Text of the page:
Jose Carillo's Forum


The Lounge is the newly expanded free-talk section of the Forum. You can post anything here about any topic outside English grammar and usage. Wide-ranging discussions and debates will be allowed in the Lounge subject only to the condition that the subjects are not unlawful, obscene, vulgar, sexually-oriented, hateful, and threatening. Specifically disallowed, however, are out-and-out partisan political postings and campaign materials for candidates in the 2010 Philippine national elections; any such material will be immediately removed and discarded without notice to the Forum member who posted it. As in the Forum’s sections on English grammar and usage, we expect discussants to keep the Lounge a vibrant venue for relevant, healthy, and civilized discussions, not impertinent, angry, or violent ones.

So if you have any non-grammar thought or idea you’d like to share, make the Lounge the sounding board for it now! Let your fellow Forum members help you germinate the seed of that idea if it’s a good one—or terminate it if it turns out to be otherwise.

Choosing a CEO for Philippines Inc. is actually a no-brainer

In case you didn’t notice, I actually posted this little essay inside the Forum as early as last January 24. I wrote it when a Facebook friend of mine asked what I thought of the spate of propaganda in the current Philippine national election campaign. But since the official campaign hadn’t started yet at that time, I thought it prudent to let it quietly wait in the wings inside the Forum. Now that the campaign season is now in full swing, though, I see no reason anymore why the essay shouldn’t more openly seek a wider audience for its message.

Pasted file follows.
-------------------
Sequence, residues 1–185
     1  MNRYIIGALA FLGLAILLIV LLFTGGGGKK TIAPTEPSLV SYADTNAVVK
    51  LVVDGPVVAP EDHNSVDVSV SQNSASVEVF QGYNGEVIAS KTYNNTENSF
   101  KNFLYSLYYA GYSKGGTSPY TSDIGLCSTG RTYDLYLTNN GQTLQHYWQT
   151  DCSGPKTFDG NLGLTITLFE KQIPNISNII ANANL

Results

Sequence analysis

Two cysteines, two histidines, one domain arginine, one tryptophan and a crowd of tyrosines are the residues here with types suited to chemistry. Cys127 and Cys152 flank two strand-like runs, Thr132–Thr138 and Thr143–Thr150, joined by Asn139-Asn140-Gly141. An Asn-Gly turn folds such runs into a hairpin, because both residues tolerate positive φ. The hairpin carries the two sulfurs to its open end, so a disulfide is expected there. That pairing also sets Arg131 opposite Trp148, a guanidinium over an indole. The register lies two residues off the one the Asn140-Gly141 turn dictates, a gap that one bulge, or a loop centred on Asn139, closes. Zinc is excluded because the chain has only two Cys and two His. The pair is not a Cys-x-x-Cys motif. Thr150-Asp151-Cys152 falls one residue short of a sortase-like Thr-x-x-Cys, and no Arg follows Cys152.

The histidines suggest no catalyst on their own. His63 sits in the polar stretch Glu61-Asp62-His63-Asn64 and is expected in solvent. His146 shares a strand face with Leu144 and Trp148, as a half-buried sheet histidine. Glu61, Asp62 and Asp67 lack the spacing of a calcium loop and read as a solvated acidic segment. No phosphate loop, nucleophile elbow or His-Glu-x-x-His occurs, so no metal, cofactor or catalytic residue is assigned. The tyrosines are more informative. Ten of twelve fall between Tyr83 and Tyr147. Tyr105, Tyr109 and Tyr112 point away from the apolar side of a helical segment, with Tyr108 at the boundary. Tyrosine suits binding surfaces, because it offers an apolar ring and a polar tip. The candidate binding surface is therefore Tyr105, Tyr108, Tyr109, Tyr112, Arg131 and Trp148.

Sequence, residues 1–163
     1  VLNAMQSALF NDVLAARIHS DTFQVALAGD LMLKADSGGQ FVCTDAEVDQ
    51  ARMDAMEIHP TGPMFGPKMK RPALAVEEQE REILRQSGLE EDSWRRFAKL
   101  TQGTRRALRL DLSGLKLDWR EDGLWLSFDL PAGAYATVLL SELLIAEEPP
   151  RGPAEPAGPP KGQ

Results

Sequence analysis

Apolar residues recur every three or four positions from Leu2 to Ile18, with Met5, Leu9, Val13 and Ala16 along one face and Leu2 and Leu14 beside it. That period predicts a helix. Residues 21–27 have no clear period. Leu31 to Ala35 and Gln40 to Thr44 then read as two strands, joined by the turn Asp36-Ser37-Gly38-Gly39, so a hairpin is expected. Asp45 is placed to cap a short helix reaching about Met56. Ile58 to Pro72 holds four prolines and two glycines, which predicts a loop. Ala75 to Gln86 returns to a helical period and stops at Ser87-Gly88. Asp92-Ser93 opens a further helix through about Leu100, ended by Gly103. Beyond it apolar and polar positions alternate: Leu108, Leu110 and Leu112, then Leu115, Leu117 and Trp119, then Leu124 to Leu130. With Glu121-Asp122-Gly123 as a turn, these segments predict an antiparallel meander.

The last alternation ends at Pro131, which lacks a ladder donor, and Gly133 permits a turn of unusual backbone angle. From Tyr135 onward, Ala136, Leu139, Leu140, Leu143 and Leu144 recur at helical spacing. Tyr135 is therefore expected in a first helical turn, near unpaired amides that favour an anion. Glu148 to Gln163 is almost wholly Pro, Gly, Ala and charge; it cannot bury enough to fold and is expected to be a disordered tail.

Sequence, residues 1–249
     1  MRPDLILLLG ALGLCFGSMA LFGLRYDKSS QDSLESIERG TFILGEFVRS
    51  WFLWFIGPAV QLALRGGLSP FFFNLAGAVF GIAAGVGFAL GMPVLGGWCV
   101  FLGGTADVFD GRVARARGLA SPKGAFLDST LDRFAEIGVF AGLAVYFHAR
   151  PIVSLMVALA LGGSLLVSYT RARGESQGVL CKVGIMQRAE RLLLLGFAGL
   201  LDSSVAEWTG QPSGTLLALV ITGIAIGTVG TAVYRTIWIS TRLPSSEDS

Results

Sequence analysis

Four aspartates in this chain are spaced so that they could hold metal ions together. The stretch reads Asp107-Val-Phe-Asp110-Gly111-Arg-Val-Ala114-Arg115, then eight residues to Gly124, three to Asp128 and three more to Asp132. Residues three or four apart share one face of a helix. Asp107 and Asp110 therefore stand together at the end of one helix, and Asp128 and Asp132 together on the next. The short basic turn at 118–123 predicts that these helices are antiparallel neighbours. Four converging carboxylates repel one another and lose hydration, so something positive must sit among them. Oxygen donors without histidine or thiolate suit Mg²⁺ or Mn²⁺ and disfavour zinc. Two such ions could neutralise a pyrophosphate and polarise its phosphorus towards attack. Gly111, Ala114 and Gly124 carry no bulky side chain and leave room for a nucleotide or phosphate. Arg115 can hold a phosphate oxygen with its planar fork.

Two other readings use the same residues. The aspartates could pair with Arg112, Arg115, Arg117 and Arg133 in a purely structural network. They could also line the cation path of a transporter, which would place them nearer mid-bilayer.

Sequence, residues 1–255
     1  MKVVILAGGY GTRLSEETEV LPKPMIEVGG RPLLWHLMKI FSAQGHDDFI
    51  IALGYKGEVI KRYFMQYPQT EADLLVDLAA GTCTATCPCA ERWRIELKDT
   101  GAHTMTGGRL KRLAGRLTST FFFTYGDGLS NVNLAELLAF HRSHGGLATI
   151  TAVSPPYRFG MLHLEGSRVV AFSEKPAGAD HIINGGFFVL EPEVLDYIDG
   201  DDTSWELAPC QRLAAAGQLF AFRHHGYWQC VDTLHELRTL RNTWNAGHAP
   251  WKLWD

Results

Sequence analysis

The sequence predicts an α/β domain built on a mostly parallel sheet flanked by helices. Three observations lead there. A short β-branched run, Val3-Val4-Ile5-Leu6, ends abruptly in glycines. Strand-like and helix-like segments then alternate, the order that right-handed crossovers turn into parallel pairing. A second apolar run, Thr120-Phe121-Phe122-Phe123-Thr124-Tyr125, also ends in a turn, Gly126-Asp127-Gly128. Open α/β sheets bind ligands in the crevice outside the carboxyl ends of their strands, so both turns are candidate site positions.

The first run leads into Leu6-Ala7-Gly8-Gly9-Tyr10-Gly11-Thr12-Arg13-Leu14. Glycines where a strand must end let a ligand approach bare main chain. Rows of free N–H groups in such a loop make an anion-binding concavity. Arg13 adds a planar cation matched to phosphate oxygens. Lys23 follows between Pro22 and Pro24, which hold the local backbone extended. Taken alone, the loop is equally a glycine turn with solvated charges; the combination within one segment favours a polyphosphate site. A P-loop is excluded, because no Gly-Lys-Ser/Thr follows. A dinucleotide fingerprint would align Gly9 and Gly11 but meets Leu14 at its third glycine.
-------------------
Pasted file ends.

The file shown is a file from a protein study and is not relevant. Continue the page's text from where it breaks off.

So here’s the little essay that I had originally posted on Facebook:

Propaganda is par for the course in national election campaigns, and what we are seeing right now, such as the alleged overpricing of the Hacienda Luisita and C-5 right-of-way purchases, definitely won’t be the last. But valid or not, these are actually peripheral issues. We mustn’t lose sight of the fact that we are in the process of finding a chief executive officer for our big company that’s called the Philippines, so we need to focus on the basics of hiring. Indeed, when I was GM of a small service company a few years back, every time I advertised to fill a job opening, I would get as many as 100-120 applicants. From their looks and résumés alone, I would whittle down the choices to, say, 10 to 12 taking into account their: (a) education and qualifications, (b) work experience and track record of success, and (c) personality. That done, I would look into these obviously important but less easily discerned factors: competence, honesty, integrity, trustworthiness—what we might call job fit and gravitas. I would then further trim down my choices to 2 to 3 of the hopefuls.

Now, by applying this same rigorous selection process to the current field of presidential candidates, we could easily narrow down the field to 2 to 3. This is because if we are wise enough to discount the partisanship and emotional factor, the rest of the choices are actually so lightweight and insubstantial—with no relevant experience, no evident record of achievement, no apparent leadership and management competence, no gravitas; some are obviously clueless, washed up, or deluded even. So, keeping in mind that we are actually choosing a chief executive officer and we want him to make our big company grow and prosper and not drive it to bankruptcy due to incompetence or mismanagement, it’s really a no-brainer whom we should hire from among the remaining 2 to 3. Go through this selection process in your mind right now to see how easy and simple it is to make an intelligent choice.

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Page last modified: 13 February, 2010, 12:10 a.m.